Recently, the role of nongovernmental organizations (NGOs)s in environmental governance has been widely investigated, especially regarding the issue of mandatory public participation in policy-making within a European context. This paper aims to redirect scientific attention from their pure participation to their field actions, i.e., to the role they play in actual natural resource management, especially at the local level, and reframe local environmental NGO roles and positions based on the criteria for scale and influence. More specifically, this paper seeks to identify factors that promote NGOs as effective complements in the protection of state biodiversity and stresses local impacts of different governance schemes.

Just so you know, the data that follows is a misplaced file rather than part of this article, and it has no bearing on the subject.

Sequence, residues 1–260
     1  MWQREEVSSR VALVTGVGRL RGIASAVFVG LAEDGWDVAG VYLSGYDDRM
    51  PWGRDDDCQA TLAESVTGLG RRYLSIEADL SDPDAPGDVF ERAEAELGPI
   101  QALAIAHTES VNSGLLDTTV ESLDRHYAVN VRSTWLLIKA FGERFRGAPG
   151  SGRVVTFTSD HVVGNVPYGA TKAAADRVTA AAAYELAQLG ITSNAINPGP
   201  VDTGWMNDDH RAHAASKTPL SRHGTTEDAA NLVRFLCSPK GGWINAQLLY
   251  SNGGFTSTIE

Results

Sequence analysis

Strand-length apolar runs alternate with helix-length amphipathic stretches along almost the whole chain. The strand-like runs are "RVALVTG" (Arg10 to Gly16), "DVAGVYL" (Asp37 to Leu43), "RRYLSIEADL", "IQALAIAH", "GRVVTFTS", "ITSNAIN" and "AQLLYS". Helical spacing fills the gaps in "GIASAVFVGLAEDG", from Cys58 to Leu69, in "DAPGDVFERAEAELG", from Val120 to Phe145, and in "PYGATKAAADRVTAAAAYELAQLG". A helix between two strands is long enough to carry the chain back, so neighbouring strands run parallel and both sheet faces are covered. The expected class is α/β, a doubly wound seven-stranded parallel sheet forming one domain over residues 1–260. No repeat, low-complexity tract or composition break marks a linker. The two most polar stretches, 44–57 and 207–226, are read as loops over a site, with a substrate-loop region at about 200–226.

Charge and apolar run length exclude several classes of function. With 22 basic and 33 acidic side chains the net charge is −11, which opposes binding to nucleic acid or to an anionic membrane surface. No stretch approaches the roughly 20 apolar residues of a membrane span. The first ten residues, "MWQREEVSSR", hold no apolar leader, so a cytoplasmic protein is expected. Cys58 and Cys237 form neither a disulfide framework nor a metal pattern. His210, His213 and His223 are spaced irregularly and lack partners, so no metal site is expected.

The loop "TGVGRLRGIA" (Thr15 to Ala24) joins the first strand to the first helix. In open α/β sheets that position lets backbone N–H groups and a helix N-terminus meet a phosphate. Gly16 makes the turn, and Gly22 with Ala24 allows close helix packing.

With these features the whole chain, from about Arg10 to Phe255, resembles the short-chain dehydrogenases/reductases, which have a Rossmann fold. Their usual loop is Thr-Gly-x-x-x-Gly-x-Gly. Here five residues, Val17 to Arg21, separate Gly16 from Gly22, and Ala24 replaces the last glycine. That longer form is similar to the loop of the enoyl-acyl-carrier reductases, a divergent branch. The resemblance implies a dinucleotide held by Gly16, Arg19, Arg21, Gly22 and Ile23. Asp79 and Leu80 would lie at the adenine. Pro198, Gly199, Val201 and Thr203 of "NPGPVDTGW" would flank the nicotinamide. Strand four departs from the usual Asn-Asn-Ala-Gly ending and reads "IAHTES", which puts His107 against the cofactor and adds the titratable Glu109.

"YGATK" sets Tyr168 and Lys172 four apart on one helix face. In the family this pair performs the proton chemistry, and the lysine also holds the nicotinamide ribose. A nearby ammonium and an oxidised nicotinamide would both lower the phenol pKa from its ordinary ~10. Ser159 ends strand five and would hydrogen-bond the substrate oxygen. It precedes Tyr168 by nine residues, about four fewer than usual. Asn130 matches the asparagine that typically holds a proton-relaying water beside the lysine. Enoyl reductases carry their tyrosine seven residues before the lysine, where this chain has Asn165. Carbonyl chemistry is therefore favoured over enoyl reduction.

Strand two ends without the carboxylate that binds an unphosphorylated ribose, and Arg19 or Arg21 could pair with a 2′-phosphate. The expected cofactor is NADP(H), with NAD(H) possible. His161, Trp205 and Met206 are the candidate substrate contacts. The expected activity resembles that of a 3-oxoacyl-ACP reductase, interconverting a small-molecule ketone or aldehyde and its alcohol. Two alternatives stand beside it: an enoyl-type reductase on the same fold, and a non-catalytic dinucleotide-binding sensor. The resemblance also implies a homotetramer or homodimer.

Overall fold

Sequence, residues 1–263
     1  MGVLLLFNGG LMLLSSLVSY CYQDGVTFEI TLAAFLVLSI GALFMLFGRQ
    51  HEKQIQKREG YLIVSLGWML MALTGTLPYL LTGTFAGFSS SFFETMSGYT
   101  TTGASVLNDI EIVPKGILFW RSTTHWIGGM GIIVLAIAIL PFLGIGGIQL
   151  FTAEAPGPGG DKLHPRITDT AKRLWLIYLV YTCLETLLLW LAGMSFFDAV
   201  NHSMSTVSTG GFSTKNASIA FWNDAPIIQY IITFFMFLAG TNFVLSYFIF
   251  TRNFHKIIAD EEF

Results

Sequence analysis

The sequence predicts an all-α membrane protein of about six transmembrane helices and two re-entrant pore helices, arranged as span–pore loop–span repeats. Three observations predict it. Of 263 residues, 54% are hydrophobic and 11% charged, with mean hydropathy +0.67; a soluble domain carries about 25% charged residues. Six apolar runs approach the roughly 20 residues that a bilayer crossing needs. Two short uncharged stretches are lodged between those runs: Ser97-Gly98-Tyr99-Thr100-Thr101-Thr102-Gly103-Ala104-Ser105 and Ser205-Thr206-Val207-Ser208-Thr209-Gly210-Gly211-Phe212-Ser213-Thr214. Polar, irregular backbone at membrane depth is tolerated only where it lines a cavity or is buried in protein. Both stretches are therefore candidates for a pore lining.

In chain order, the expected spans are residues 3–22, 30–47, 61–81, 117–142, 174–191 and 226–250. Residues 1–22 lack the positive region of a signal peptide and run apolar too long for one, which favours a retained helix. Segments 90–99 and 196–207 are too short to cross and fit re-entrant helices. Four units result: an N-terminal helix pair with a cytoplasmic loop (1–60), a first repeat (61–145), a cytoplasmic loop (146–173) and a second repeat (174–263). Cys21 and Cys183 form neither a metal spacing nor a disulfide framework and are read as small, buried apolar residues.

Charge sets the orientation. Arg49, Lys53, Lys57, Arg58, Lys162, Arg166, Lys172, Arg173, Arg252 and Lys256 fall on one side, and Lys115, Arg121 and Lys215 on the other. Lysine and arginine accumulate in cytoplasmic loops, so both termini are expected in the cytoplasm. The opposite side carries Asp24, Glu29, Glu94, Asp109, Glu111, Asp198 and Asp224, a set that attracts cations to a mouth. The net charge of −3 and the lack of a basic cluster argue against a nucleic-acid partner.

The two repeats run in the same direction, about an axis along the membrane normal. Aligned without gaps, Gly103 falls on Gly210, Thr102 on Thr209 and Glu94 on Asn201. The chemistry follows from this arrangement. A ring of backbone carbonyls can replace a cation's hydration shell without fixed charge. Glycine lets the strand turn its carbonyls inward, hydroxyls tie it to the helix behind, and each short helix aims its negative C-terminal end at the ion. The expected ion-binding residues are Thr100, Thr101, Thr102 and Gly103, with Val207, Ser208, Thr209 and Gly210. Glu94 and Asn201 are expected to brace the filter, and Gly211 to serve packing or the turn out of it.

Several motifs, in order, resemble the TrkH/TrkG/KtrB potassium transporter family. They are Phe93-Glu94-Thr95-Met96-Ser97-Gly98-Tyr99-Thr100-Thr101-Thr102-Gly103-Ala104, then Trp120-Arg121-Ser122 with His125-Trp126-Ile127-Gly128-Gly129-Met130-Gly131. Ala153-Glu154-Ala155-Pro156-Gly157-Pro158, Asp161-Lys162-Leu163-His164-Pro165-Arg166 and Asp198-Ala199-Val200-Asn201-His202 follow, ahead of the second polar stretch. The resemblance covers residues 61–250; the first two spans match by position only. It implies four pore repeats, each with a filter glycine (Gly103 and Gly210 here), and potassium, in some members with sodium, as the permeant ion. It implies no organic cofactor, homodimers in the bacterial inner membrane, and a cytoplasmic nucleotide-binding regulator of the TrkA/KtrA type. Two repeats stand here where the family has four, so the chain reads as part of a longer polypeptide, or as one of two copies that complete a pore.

Determining factors were investigated through a series of in-depth case studies undertaken in the Czech-German border region of the eastern Krušné hory Mts. (Erzgebirge, Ore Mts.). Rather than a quantitatively oriented survey among NGOs, this study focused primarily on a specific territory and, subsequently, on the identification of relevant actor performance (including NGO representatives) within this territory. The method applied for comparison was the Institutional Analysis and Development Framework (IAD Framework). This design enabled a comparison of different social practices in the homogeneous ecosystem present on both sides of the border and captured the influence of specific social and historical cross-border features on environmental NGO performance.
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